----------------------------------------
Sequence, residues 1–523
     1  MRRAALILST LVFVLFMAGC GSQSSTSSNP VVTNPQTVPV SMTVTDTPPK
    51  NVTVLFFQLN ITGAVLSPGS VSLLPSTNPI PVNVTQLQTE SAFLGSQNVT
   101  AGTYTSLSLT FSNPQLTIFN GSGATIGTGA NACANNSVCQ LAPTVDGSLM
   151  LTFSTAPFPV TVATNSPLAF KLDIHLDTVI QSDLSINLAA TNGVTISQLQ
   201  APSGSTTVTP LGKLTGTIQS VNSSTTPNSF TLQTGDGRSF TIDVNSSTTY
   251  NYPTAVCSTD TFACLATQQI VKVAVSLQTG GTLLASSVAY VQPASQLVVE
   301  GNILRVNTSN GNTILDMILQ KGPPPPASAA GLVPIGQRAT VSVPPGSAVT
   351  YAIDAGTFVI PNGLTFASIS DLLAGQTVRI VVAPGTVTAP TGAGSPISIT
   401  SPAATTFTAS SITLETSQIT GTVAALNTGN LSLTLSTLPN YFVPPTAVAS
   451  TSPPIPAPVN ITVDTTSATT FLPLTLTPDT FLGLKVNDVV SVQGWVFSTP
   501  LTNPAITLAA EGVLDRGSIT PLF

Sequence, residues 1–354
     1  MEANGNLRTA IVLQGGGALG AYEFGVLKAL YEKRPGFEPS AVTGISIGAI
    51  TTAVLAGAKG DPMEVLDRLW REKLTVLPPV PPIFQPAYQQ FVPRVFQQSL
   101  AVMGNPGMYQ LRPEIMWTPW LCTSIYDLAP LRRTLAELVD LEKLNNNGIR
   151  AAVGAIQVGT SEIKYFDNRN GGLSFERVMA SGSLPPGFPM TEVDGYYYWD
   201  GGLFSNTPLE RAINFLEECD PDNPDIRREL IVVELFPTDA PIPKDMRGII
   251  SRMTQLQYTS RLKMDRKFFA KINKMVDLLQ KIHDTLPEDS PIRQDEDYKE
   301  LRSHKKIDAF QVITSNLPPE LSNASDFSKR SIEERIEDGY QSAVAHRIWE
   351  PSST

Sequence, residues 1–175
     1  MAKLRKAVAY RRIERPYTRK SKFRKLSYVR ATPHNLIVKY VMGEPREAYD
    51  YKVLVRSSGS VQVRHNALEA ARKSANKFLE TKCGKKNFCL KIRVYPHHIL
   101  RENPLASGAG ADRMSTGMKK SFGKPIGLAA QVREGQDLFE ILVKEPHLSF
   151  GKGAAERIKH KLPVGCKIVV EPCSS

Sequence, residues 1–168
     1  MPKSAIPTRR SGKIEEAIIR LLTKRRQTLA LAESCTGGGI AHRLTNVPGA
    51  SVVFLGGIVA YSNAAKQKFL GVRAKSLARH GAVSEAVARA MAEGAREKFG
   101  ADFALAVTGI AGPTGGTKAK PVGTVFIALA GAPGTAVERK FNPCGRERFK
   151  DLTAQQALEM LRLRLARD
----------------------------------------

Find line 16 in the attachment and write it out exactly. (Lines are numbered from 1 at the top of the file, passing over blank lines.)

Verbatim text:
   101  AVMGNPGMYQ LRPEIMWTPW LCTSIYDLAP LRRTLAELVD LEKLNNNGIR